kgould's blog

kgould's picture

ORLAN & Frankenstein, Part 2: Beauty and DNA

kgould's picture

ORLAN and Frankenstein, Part One

kgould's picture

TITS OR GTFO: Why Everyone, Girls Included, Should Play Video Games

 Tits or GTFO: Why Everyone, Girls Included, Should Play Video Games

            The Women & Gaming Study done in 2010 by the Lifetime network, and AETN Digital Media showed that women play online more than men (55% vs 45%), women play more frequently during the day (whereas men play for a longer duration and typically at the end of the day), and most women like to play solo (83%) [1]. Girls are gaming and their numbers are ever increasing in their use of browser games, social games (like those found on Facebook), and MMORPGs (Massively Multiplayer Online Roleplaying Games).

kgould's picture

Our Minds Were Made for Mergers

Our Minds Were Made for Mergers// an exploration of what it means to be human and cyborg using Ghost in the Shell, Beyond Human, and Andy Clark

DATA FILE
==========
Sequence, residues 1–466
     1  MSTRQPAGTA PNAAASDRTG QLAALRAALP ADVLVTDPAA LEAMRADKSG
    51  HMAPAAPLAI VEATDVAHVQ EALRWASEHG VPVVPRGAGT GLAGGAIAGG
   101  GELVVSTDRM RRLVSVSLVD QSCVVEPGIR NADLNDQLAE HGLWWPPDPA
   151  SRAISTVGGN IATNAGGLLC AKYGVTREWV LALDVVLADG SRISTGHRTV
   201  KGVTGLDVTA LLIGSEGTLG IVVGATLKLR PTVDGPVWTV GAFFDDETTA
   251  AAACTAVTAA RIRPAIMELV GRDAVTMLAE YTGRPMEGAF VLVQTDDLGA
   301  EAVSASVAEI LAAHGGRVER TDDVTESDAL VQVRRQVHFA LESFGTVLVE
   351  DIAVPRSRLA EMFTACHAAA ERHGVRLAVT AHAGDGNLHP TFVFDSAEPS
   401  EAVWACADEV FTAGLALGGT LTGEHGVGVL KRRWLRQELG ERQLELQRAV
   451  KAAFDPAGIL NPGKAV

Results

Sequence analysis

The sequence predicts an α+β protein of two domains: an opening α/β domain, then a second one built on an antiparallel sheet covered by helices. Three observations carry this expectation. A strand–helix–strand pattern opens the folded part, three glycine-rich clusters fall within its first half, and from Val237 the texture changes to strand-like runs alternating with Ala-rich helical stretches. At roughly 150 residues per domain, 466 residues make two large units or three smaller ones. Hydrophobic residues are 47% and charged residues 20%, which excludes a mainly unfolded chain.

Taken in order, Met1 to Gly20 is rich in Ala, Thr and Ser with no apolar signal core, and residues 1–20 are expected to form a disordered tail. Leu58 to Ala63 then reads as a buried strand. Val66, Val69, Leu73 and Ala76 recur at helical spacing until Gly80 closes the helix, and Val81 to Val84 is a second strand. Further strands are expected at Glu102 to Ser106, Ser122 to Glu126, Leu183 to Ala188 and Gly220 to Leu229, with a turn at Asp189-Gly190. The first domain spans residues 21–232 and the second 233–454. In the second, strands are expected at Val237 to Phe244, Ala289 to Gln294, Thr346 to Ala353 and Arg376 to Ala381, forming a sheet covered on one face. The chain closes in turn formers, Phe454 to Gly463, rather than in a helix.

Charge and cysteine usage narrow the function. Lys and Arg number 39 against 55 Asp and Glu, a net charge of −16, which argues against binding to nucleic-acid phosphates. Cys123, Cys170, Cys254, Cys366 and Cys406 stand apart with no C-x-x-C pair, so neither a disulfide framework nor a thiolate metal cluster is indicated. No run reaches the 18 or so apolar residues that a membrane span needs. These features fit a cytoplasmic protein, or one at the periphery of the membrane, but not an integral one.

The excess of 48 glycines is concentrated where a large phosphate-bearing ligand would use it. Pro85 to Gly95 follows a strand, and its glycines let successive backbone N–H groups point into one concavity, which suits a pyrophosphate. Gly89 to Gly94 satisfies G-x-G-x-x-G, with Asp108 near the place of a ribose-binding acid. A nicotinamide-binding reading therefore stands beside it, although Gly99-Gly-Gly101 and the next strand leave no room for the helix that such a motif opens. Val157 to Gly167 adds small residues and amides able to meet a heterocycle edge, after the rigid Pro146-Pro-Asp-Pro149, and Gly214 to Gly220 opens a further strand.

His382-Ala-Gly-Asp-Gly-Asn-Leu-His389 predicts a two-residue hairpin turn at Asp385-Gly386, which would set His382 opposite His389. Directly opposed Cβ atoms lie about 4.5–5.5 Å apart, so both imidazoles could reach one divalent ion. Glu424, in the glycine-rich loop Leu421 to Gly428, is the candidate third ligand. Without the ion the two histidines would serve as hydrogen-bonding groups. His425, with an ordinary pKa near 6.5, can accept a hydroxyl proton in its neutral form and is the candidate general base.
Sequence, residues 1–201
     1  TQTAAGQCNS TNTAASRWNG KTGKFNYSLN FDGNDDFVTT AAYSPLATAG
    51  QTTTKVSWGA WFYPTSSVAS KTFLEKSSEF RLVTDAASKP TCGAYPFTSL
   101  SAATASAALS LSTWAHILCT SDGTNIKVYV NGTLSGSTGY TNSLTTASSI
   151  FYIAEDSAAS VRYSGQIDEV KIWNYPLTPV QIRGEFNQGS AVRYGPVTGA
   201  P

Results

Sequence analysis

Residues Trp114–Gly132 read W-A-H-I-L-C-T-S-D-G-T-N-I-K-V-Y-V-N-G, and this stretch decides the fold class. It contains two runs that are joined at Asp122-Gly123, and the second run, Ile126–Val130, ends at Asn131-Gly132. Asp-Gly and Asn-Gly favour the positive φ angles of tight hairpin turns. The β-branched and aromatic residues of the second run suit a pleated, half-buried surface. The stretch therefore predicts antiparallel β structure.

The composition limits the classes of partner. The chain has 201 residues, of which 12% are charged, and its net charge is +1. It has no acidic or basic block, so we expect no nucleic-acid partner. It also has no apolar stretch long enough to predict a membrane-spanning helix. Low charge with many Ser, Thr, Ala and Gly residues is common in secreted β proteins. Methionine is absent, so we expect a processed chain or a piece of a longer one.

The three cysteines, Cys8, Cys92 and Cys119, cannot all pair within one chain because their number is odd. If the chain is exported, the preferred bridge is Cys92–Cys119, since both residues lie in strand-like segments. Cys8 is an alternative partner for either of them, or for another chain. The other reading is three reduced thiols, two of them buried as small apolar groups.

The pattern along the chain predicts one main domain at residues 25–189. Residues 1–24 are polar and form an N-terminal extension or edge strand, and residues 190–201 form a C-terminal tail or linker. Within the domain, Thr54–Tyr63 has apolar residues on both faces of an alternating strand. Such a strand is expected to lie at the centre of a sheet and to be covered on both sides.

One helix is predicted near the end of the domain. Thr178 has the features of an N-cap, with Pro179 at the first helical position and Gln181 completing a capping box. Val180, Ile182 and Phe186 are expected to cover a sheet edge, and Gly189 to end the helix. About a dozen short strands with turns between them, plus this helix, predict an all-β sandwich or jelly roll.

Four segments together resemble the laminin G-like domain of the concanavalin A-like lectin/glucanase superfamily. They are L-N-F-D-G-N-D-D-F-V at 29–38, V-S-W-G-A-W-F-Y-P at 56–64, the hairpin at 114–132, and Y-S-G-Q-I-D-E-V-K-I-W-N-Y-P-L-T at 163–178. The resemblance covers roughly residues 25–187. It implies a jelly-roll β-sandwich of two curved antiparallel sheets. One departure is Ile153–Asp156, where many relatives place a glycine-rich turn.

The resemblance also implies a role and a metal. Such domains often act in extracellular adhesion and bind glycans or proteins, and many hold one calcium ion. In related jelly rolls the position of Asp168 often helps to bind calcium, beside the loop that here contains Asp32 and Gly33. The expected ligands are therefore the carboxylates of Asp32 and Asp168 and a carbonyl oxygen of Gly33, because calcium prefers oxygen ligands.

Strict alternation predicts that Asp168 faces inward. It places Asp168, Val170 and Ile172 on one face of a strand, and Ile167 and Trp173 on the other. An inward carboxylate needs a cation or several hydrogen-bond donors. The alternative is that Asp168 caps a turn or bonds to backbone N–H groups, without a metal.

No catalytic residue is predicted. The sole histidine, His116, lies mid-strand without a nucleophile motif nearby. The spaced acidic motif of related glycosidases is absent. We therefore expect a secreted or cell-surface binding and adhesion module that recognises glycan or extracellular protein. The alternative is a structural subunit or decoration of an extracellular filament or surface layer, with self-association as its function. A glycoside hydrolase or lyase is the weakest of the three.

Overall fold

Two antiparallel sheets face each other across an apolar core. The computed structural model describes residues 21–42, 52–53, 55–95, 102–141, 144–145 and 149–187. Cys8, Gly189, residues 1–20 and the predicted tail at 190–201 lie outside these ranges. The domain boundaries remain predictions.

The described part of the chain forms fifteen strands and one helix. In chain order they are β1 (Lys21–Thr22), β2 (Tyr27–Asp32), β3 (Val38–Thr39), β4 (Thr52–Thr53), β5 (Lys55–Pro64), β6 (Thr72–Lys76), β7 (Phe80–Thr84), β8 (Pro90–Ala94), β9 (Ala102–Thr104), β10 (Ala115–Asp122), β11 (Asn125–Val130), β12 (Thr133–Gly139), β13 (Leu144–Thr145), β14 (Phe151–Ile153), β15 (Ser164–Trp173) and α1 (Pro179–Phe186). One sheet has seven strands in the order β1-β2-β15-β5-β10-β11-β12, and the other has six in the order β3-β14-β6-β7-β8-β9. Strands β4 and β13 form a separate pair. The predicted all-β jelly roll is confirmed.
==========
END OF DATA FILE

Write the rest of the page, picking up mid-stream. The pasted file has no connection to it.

kgould's picture

Shift, Observe, Engage

 Shift, Observe, and Engage

kgould's picture

FACTS DON'T EXIST//A GRAPHIC EXPERIMENT

Here are the links to my final project, "FACTS DON'T EXIST," a small graphic experiment on story-telling, comic books, and non-fiction prose.

Images are on DeviantArt because of file size issues.

 

FACTS DON'T EXIST Gallery
Page 1

Page 2

kgould's picture

What is Science Writing?

 What is Science Writing?

(And Why Does The Immortal Life of Henrietta Lacks Not Count?)

 Having been in Facing Facts, a course on non-fiction prose, it seems silly to propose that there are any definite characteristics that make something Science Writing. We have been barely able to say, for certain, what makes something non-fiction—other than not being fiction—and if Science Writing is not fiction, what does that mean?

kgould's picture

Spontaneous Thought is to Genetic Mutation as Learning is to Evolution

Spontaneous Thought is to Genetic Mutation as Learning is to Evolution

 

Spontaneity in the Classroom:

kgould's picture

Thrill of Disaster, Thrill of Fight or Flight

 Thrill of Disaster, Thrill of Fight or Flight

A professor asked me at the beginning of the year why I enjoyed horror films so much. I watch them regularly, of all different qualities and sub-genres, and I plan on writing my senior English thesis on zombie films and the human unconscious. Why would I want to watch such terrible, terrifying, and often gruesome narratives—especially when the “real” world is disturbing enough on its own?

Syndicate content